Efforts are under way to try to save the famous Wesley Tree in Winchelsea which is in danger after being infected.
The tree is not the original ash tree under which, in 1790, Methodist preacher John Wesley gave his last open-air sermon. That tree collapsed in 1927, partly as a result of damage caused by tourists pulling off bits of the tree as souvenirs.
However, a cutting was taken from the original tree and planted as a replacement. It is a landmark in Winchelsea.
The current Wesley Tree has been infected by Hairy Bracket fungus, which is often associated with a virulent fungus called White Rot.
East Sussex County Council Highways were originally alerted because of fears that the tree, which is on the verge in German Street in Winchelsea, had Ash Die-Back Disease.
This new infection threatens to wipe out most of the country’s ash trees.
Ash Die-Back was ruled out by East Sussex’s tree officer, but he identified the other infection.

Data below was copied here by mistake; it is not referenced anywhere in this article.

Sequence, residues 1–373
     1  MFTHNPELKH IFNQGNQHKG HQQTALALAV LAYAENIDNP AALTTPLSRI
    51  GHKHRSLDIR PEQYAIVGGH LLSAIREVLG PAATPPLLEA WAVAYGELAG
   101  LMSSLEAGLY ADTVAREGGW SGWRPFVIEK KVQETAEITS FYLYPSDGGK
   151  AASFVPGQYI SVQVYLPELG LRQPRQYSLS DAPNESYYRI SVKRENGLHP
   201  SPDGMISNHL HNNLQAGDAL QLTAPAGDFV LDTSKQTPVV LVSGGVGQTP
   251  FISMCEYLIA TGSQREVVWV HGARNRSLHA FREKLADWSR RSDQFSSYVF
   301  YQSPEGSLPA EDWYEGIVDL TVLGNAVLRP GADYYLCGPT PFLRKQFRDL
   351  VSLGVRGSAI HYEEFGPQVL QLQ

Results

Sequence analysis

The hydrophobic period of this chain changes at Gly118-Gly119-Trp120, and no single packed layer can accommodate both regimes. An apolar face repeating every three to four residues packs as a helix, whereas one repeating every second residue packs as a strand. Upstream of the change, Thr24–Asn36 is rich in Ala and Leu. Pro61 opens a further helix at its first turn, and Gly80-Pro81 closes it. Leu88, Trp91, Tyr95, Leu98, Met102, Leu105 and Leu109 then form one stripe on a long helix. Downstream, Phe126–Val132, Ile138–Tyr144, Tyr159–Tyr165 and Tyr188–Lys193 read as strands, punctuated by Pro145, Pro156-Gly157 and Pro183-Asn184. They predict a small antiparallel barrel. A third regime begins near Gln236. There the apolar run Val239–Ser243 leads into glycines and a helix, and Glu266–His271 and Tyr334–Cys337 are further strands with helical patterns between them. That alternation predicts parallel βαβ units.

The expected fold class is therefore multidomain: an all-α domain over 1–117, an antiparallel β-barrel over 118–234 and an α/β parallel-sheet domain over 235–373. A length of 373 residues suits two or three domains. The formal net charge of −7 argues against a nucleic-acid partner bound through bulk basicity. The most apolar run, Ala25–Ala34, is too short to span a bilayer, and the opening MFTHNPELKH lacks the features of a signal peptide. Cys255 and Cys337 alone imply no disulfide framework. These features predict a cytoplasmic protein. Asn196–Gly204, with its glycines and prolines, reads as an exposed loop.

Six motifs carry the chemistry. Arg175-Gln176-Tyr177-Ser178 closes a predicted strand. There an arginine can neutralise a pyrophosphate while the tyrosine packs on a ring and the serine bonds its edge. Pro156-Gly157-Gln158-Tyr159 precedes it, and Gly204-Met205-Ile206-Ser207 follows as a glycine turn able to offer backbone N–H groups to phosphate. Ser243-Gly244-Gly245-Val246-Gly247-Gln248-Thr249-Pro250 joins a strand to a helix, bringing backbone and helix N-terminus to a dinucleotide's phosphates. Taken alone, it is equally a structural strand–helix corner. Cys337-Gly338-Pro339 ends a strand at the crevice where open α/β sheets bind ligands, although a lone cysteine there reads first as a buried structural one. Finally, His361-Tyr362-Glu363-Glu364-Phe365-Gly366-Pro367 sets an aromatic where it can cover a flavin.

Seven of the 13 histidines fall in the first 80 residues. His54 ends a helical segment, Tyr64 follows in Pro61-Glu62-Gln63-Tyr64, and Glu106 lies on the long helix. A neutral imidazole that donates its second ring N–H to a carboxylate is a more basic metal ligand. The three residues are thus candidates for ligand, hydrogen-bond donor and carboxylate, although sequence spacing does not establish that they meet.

Last week, contractors for the East Sussex pruned the tree to remove diseased limbs, which posed a threat to the public, and lower the crown.
There is a high probability however that this will only delay the inevitable.
In order to ensure that there will always be a Wesley Tree in the town, the Winchelsea Heritage conservation group (which recently merged with the Winchelsea Tree Society) arranged, in co-operation with the Methodist Chapel, for cuttings and seeds to be taken from the tree.
Residents have been asked to plant the cuttings and seeds, so that a sapling will be ready to plant if and when the current tree has to be removed.
Anyone who would like to take part in this project in any way should contact Richard Comotto on email@example.com.